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Old 06-11-2013, 04:17 PM   #3
Chris Li
 
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Dojo: Aikido Sangenkai
Location: Honolulu, Hawaii
Join Date: Dec 2000
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Re: Four Generations of the Ueshiba Family

Quote:
Carl Thompson wrote: View Post
Doshu is the figurehead of aikido within the Aikikai and representative of its founder. You know that no one is saying he can inspect every person recommended for accreditation. In fact, I am not aware of Doshu ever overseeing an examination to recognise anyone�fs skills in the art. I don't think that is Doshu�fs job. Aikido is the centre. Doshu represents aikido and its founder. Proper form, proper etiquette (Japanese reigi) are all recurring impressions left in the founder�fs students. You know that the local fourth "dans and world famous 9th dan run the tests and make the call on recognising transmission. To do otherwise breaks lineages and potentially valuable views of the art leading back to the founder.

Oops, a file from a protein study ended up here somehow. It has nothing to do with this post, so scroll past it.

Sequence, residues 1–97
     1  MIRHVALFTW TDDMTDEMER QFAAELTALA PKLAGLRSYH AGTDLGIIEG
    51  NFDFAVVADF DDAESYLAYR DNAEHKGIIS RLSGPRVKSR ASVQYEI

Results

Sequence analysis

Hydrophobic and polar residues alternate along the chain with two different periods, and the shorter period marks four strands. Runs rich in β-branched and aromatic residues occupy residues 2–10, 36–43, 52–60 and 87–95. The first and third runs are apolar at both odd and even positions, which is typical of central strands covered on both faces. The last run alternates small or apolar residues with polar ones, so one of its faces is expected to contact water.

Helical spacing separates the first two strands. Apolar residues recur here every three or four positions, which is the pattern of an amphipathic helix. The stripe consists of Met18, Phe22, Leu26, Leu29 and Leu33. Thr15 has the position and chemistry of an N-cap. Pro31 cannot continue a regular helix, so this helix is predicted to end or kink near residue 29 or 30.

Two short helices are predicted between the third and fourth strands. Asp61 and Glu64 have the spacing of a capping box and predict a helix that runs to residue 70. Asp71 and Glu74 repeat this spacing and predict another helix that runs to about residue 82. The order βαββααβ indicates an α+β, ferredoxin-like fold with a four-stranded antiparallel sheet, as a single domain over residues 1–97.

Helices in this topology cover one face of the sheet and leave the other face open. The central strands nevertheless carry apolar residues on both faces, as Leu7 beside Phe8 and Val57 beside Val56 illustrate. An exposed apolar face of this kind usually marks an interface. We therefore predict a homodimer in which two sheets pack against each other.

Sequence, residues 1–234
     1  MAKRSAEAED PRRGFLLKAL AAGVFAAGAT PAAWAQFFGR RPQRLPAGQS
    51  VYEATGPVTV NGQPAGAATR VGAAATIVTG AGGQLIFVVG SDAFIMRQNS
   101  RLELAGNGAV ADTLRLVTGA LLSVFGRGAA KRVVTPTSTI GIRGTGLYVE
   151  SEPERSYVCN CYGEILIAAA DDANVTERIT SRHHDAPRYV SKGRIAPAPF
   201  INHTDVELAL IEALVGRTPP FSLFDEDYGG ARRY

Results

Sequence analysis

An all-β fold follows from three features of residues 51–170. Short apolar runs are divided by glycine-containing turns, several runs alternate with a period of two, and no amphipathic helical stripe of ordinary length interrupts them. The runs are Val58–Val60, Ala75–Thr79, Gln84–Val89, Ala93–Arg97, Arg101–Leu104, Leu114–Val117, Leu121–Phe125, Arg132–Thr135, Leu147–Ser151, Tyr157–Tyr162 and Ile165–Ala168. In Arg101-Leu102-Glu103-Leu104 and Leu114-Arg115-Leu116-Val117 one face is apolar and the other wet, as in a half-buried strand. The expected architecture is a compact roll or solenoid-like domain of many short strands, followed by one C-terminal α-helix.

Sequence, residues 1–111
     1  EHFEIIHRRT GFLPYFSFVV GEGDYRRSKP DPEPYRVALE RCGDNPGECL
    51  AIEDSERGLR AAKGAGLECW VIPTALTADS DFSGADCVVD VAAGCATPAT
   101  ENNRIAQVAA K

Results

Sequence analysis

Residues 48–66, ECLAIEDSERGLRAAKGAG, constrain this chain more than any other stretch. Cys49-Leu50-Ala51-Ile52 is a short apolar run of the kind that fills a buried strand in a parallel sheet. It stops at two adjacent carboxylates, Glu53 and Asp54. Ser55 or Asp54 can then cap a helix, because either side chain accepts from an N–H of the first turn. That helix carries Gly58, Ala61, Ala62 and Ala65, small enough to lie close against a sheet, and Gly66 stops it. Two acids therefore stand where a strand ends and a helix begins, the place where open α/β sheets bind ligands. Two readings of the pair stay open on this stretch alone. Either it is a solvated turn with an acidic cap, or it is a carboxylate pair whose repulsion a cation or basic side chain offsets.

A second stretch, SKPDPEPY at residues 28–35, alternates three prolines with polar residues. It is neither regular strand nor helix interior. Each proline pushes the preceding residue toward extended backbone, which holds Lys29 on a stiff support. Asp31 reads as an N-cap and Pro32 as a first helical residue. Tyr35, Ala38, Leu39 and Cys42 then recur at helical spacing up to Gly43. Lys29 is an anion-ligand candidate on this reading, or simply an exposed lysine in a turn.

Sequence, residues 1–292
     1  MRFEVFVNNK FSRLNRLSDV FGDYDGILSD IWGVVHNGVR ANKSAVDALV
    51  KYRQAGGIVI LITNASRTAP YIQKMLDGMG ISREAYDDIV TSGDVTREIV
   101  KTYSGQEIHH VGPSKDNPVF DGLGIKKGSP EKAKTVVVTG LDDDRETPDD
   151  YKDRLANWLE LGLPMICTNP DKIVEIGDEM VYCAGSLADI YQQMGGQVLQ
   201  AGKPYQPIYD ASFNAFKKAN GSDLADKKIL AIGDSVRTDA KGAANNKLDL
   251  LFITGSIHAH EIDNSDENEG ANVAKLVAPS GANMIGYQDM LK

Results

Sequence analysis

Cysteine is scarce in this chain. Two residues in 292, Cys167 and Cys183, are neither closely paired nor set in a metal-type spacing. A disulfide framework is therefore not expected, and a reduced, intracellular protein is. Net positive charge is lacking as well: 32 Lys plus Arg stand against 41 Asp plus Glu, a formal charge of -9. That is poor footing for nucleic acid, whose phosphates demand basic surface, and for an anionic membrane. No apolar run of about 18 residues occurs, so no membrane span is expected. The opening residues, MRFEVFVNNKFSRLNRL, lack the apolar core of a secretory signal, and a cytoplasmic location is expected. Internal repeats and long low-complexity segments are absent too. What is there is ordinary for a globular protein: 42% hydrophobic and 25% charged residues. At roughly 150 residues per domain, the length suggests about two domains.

Of course, he can't, that's the point. The problem with the lineage system on a large scale is that it breaks down and there are no checks, no oversight on it.

Imagine a system in which a doctor can license other doctors - who can then license other doctors on their own. Would you trust yourself to such a system?

That used to be the way things were done, but on a large scale it broke down for the very same reason that the ranking system has broken down.

Quote:
Carl Thompson wrote: View Post
For a second, I thought you were going to suggest solutions to the things you think are problems...rather than just effectively saying �glook, a problem... and here... another problem.�h However:

What models? You say �ga number�h but what organisations? How do they provide real benefits?

Again, what models of peer review? What do these models do to provide meaning for a �greal�h licensing system?

Regards

Carl
There are dozens of professional organizations and assiociations in the US that provide resources and professional development for their members. The American Medical Association, for example. These organizations can also provide legal aid and advice, insurance, discounted membership purchasing programs and much more. In other words, tangible benefits.

Models for peer review are also quite common - virtually all US institutions of higher education are accredited through non-profit organizations and associations that provide peer review for those institutions. It seems to work well enough for accrediting Harvard, Princeton and Yale.

It seems to me that those two models are two concrete suggestions for solutions, but maybe that's just me...

Best,

Chris

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